Climate threat serious in Namibia

More investment needed
Yolanda Nel
By 2030 about US$500 million a year in climate investment in Namibia will be needed while the current levels are estimated at only US$100 million.

According to an Environmental Investment Fund (EIF) report on their journey with the Green Climate Fund (GCF), climate change poses a serious threat to ecosystems, natural resources, and the communities that depend on them, while undermining progress toward achieving the Sustainable Development Goals (SDGs).

The EIF was one of the first institutions to access the GCF through the “direct access” modality, whereby developing country institutions can access funds without international intermediation. Since 2016, four GCF projects were approved for total funding amounting to about US$40 million.

The projects aim to build a strong relationship with the National Designated Authority (NDA), as this is crucial to ensuring that the direct access entity can effectively advance national climate change priorities.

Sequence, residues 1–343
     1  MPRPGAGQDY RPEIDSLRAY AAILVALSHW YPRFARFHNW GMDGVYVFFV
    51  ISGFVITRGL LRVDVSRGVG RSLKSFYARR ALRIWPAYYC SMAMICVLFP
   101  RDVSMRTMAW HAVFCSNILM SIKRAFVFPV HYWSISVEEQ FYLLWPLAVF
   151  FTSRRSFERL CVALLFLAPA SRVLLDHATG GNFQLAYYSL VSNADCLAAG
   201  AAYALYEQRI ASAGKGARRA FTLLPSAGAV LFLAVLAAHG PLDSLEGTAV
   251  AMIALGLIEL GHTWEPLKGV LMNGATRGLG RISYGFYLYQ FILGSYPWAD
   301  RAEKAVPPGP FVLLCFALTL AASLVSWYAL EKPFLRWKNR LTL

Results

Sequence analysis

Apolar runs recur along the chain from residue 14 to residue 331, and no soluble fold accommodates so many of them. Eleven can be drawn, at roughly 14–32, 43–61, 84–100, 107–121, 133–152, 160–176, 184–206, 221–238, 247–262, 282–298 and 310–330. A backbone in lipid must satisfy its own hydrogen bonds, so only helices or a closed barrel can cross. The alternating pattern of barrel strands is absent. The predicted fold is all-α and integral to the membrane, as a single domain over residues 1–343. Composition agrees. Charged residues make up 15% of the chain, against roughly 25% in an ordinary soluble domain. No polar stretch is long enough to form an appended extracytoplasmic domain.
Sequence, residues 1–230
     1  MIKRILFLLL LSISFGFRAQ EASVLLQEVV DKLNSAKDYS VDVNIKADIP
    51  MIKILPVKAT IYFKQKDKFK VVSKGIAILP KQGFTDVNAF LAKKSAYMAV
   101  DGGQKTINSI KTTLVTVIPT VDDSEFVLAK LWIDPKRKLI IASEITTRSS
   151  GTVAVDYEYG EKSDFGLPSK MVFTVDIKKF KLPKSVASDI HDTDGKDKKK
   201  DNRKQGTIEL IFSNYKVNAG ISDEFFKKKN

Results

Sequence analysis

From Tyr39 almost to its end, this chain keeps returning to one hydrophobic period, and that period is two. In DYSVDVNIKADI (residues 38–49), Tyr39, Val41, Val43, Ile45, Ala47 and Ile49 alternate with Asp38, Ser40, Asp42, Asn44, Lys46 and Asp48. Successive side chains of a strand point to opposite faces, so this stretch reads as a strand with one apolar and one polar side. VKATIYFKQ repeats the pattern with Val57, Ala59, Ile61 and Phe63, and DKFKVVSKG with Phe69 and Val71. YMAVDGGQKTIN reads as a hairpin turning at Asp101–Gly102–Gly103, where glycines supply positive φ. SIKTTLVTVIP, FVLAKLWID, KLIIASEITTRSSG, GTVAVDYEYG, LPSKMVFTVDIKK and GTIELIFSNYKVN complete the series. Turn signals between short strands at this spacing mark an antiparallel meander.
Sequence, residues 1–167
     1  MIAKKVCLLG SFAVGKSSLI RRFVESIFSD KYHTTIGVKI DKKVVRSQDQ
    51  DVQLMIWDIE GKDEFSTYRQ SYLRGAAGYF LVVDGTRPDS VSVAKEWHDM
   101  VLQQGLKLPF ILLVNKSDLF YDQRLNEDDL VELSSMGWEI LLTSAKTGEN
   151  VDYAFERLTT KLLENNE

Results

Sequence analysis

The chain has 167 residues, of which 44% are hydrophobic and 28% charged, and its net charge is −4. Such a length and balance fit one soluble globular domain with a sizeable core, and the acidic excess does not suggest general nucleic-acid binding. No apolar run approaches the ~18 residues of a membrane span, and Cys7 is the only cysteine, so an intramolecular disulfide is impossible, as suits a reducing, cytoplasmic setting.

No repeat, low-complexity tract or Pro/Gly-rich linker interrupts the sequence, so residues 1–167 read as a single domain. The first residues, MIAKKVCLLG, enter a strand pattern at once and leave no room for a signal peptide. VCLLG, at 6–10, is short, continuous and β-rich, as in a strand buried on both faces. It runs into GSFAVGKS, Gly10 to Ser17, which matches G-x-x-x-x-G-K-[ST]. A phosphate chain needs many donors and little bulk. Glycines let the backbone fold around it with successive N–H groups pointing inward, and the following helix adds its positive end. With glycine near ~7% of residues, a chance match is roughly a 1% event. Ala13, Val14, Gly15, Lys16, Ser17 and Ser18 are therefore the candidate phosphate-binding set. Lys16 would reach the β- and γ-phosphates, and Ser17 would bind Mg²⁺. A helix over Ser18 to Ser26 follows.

Comprehensive stakeholder engagement is key during project development to cultivate a strong project and to enable smooth implementation, as well as investing in building a strong relationship with the GCF Secretariat to ensure a smooth and timely engagement.

The approved projects in Namibia are Climate Resilient Agriculture in three of the Vulnerable Extreme northern crop-growing regions (CRAVE) and Empower to Adapt: Creating Climate-Change Resilient Livelihoods through Community-Based Natural Resource Management in Namibia. The other projects focus on Improving Rangeland and Ecosystem Management Practices of Smallholder Farmers under Conditions of Climate Change in Sesfontein, Fransfontein and Warmquelle, and Building resilience of communities living in landscapes threatened under climate change through an ecosystems-based adaptation approach.